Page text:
Bristol Half Marathon: A history
More than 14,000 runners will pound the city streets on Sunday hoping to achieve a personal best, as the Bristol half marathon gets under way.
Having trained for months, participants will don their running shoes and embark on a route more than 13 miles long.
Now in its 24th year, the Bristol half marathon is one of the most popular in the UK.
The race, first held in 1989, replaced the Bristol marathon after it became too expensive to stage.
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Steve Brace from Bridgend came out on top in the 1,000-strong contest, which was unrecognisable from the event today.
It started and finished on the Downs and none of the roads were closed to traffic. Instead, original race director Ray Jaeckels told This is Bristol, participants “headed straight down Bridge Valley Road and left along the Portway into Cumberland Basin, and then took in Hotwells Road, Coronation Road and into Bedminster, then back along North Street to Ashton Gate and through a series of tricky underpasses into Ashton Court.
“There was the long climb up Ashton Court and then back into Clifton over the Suspension Bridge with the finish up Ladies Mile.”
And it isn’t just the race route that has changed over the years, Mr Jaeckels explained. "Interestingly, 98 per cent of the runners were local while just eight per cent of the 1,030 finishers were women.
"Now we have nearly 50 per cent women in the race, so that has been a dramatic change, while a lot more runners from outside the area enter."
And unlike today’s £1,000 prize for the top man and woman, plus extensive prizes and time bonuses, the early day race victors won things like vouchers.
Bristol runner Wayne Buxton told This is Bristol in 2009: "I won the Bristol half marathon in 1990 and got a travel voucher for £150 for a travel firm that specialised in running tours.
“I used this voucher towards my trip to Rotterdam the following April, where I ran 2:16. I paid my own entry for the event and there were no appearance fees or expenses as they have now."
The organisation of the race has also changed over time. Bristol City Council became more involved with the race in 2000, and took it on in the years that followed.
In 2001 the City of Bristol hosted the 10th IAAF World Half Marathon Championships alongside the Bristol Half Marathon, meaning runners taking part were able to follow in the footsteps of British legend Paula Radcliffe and Haile Gebrselassie of Ethiopia.
Thousands of people turned out to watch Ms Radcliffe cross the finish line in the record-breaking time of 66 minutes 47 seconds, and Gebrselassie take first place in the men’s race with a time of 60 minutes three seconds.
In 2003, local veteran Nick Rose won the ‘Legends Challenge’ – a race within a race that saw top British Olympians Steve Cram, Tim Hutchings, Hugh Jones, Steve Jones and Mike McLeod compete against each other for the first time in nearly twenty years.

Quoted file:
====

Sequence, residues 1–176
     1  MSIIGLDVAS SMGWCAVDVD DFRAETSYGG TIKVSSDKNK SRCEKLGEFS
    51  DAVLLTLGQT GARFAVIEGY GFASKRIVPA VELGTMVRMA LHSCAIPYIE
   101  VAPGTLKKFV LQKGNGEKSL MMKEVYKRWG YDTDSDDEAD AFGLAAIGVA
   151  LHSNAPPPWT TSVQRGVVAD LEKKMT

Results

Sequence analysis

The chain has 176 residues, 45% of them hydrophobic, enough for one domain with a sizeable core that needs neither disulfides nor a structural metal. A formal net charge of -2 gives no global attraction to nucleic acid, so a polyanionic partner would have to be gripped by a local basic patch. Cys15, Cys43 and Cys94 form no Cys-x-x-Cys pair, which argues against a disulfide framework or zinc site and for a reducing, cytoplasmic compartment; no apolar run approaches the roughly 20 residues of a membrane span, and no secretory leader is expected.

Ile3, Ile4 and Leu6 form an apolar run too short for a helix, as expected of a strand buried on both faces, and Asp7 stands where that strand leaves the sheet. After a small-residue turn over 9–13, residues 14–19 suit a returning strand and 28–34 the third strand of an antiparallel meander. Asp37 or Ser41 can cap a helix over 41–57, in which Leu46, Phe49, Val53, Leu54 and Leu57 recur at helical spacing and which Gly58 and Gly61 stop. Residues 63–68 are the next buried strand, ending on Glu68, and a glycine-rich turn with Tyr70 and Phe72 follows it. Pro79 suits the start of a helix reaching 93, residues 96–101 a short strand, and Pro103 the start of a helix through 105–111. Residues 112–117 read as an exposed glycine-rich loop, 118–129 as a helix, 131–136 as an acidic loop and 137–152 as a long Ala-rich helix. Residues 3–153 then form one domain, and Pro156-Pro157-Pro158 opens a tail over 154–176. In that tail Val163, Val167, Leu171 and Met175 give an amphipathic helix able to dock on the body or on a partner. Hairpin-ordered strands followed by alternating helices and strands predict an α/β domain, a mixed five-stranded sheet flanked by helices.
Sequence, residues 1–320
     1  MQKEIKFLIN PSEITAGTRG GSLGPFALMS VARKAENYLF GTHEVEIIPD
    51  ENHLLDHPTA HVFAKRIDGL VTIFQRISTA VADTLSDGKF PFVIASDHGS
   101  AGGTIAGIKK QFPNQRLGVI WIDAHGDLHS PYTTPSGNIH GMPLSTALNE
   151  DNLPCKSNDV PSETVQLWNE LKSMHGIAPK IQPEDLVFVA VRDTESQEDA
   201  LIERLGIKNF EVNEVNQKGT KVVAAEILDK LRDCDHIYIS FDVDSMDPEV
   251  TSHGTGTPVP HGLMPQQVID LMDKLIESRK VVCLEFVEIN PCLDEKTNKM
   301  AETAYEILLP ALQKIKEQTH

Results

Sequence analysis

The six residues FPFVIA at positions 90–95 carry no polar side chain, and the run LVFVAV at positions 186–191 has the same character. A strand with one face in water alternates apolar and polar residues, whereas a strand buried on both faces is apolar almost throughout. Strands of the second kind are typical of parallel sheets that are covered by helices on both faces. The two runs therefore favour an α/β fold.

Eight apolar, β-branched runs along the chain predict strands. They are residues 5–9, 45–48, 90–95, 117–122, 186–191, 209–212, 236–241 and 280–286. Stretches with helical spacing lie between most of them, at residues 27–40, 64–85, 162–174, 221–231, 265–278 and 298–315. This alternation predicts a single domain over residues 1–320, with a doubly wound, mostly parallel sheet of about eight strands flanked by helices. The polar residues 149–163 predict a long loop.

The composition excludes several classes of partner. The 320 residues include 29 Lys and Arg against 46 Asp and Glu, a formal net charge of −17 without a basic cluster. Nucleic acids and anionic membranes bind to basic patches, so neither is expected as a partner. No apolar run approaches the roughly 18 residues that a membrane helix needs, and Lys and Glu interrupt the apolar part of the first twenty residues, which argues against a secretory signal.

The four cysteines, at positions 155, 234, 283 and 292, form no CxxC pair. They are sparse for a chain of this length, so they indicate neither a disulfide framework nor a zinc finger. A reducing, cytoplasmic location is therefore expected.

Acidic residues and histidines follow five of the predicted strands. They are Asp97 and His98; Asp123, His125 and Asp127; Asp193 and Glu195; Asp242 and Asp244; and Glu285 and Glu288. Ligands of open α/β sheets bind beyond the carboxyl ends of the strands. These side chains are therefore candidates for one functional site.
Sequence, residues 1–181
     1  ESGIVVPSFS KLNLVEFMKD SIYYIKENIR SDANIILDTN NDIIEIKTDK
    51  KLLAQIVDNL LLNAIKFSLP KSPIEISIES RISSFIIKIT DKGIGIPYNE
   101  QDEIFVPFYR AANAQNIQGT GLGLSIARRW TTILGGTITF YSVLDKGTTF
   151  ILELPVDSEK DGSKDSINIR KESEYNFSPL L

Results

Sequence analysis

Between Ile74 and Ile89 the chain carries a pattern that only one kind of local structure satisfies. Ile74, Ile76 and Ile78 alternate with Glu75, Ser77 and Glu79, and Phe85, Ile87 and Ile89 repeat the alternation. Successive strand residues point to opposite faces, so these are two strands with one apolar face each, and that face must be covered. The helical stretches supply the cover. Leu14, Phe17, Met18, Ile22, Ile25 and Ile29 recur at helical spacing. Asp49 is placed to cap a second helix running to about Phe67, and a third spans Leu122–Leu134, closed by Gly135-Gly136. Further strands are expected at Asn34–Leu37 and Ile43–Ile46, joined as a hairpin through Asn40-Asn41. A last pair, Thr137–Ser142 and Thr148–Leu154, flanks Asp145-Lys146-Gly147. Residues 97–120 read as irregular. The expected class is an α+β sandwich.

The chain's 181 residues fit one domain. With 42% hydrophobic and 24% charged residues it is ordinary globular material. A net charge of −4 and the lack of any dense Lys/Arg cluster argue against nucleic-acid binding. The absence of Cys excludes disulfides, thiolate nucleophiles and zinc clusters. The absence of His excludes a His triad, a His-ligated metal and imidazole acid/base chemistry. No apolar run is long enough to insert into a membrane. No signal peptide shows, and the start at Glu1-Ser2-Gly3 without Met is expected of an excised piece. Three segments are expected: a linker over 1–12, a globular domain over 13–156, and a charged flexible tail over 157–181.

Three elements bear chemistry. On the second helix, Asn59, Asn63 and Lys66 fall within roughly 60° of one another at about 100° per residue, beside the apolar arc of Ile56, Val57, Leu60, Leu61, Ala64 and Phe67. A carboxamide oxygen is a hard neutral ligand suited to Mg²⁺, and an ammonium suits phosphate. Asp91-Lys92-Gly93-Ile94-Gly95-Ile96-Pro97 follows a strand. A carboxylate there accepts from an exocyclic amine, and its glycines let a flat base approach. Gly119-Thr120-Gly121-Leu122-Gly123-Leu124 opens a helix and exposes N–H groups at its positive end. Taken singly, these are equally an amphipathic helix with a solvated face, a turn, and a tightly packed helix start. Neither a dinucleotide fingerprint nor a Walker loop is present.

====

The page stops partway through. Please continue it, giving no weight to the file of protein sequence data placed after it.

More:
In 2009 Bristol welcomed the British greats once again, with the half marathon acting as the UK trial for the World Half Marathon Championships.
The race attracted a record-breaking number of participants - 16,177 - topping the previous year’s figure of 16,049.
A number of famous faces have been associated with the Bristol half marathon over the years. In 2009 Holby City star Phoebe Thomas swapped her nurse uniform for trainers to raise money for local charity St Peter's Hospice, while this year Noel Edmonds called on people to take part in aid of Children's Hospice South West.
The TV presenter, who lives in Bitton and films Deal or No Deal in Bristol, is a patron for the charity and in 1997 announced he would be leaving them a gift in his will.
In 2011 the race route was modified to create a flatter course. Original race director turned technical director Ray Jaeckels told This is Bristol: "This year we've made the course flatter, faster and safer.
“It would be wonderful to have a new course record – particularly for the male category, as that's been the same time for the last 20 years.
"We've taken out a climb over Plimsoll Bridge on the way out and then a few of the twists and turns around there."
The change also meant adding a section around Marsh Street and Broad Quay as the runners come into to the centre for the finish.
But the 2011 half marathon will be remembered by many for the death of one of the participants.
The runner, a 33-year-old man from Clevedon, collapsed outside the Bristol Hippodrome near the finish line and, despite attempts to resuscitate him, died at the scene.
The fatality was the first in the race’s history.
This year the Bristol half marathon is incorporated into the runbritain Grand Prix for the first time, and the challenge is set for all to achieve a personal goal in Olympic year.
British international John Beattie is among those competing, alongside Bristol & West's Robbie Bugden; Anuradha Cooray, who was third last year and represented Sri Lanka in the Olympics; Phil Nicholls; Martin Williams; Mike Skinner and Paul Martelletti – who from Thursday will be eligible to represent Britain having been born in New Zealand.